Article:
Empirical antifungal therapy in febrile neutropenic patients systematic review
Abstract number: 1733_461
Goldberg E., Gafter-Gvili A., Paul M., Robenshtok E., Vidal L., Leibovici L.
Objectives: The practice of administering empirical antifungal therapy to persistently febrile neutropenic patients has become a standard of care. This study aims to evaluate if empiric antifungal treatment reduces mortality and prevents invasive fungal infections (IFI).
Methods: Systematic review and meta-analysis including randomised controlled trials (RCTs) comparing empirical antifungal treatment with placebo or no intervention (control), or another regimen, in persistently neutropenic patients. Search was conducted until 2006. Outcomes assessed were: All-cause mortality, documented IFI, fungal-related mortality, composite failure, invasive mould infections, invasive yeast infections, resolution of fever during neutropenia, adverse events. Relative risks (RR) with 95% confidence intervals (CIs) were estimated and pooled.
Results: Our search yielded 25 trials, 5 of which compared polyenes or azoles to control, and 20 compared between different regimens of polyenes, azoles or glucan synthesis inhibitors. Compared to control, there was no difference in all-cause mortality (RR 0.93; 95% CI 0.551.58, 5 trials, Fig.1).The risk for developing documented IFI was lower (RR 0.30; 95% CI 0.110.84, 4 trials, 4 events in the treatment group versus 15 in the control). When azoles (fluconazole, ketoconazole, itraconazole, voriconazole) were compared to polyenes (amphotericin B in 7 trials, liposomal ampho B in 1 trial) there was a trend in favour of azoles for decreased all-cause mortality (RR 0.88; 95% CI 0.711.08, 8 trials) and for decreased documented IFI (RR 0.67; 95% CI 0.441.02, 7 trials). Adverse events which required discontinuation were less frequent in the azole group (RR 0.52; 95% CI 0.390.69, 6 trials).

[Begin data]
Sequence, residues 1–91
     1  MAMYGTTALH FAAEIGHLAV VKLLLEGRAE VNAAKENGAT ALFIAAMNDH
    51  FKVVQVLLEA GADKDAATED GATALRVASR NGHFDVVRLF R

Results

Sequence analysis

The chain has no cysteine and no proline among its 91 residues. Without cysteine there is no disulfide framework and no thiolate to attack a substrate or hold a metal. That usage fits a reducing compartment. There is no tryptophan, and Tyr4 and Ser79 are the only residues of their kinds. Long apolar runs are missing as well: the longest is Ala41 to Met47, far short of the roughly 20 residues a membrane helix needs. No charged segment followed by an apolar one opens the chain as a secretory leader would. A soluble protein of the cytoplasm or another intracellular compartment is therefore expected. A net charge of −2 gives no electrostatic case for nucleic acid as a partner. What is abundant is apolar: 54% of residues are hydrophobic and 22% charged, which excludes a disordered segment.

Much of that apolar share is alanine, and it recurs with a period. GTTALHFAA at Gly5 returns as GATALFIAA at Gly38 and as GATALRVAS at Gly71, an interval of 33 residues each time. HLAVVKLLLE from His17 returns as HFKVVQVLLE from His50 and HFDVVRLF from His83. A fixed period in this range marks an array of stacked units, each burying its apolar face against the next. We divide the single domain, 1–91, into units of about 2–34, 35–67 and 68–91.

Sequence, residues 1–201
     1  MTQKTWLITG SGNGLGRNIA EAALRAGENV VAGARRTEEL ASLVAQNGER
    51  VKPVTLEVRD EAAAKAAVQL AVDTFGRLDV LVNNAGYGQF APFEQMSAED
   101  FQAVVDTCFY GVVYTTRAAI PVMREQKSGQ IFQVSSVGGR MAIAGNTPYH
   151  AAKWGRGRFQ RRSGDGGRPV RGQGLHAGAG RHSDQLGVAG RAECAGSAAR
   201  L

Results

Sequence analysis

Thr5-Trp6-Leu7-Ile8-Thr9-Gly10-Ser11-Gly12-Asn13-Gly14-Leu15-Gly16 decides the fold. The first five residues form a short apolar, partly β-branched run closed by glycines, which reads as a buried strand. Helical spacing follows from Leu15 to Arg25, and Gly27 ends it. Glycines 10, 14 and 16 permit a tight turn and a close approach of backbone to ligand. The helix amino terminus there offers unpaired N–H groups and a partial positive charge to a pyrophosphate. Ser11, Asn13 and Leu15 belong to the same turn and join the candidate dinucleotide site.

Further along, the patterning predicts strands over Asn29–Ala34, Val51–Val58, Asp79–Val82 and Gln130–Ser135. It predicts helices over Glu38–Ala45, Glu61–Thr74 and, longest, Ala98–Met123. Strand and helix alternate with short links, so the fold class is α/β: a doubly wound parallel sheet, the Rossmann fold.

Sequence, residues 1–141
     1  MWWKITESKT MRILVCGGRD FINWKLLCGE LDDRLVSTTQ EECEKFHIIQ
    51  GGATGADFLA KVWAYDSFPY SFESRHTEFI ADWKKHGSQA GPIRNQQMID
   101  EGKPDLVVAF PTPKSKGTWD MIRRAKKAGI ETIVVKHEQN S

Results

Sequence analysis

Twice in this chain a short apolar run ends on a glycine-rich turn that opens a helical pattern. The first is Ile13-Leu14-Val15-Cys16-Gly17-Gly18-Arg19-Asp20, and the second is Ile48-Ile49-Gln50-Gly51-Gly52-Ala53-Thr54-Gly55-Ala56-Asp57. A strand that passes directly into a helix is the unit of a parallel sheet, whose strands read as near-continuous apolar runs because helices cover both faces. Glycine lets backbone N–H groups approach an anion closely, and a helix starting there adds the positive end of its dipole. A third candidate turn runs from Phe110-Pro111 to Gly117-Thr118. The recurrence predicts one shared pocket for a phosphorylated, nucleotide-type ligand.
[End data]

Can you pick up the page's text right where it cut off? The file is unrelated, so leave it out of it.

Conclusions: Our review demonstrates that empirical antifungal therapy does not reduce mortality. Although it reduces IFI, data are based on a small number of trials and events. Future trials should pursue a pre-emptive approach using improved diagnostic tools (such as galactomannan testing, high resolution CT), to identify the patients for whom antifungal treatment is warranted. The use of amphotericin B as empirical therapy seems unwarranted since it appears to be less effective than azoles, with no mortality benefit and an increased rate of side effects
|Session name:||European Society of Clinical Microbiology and Infectious Diseases|
|Location:||ICC, Munich, Germany|
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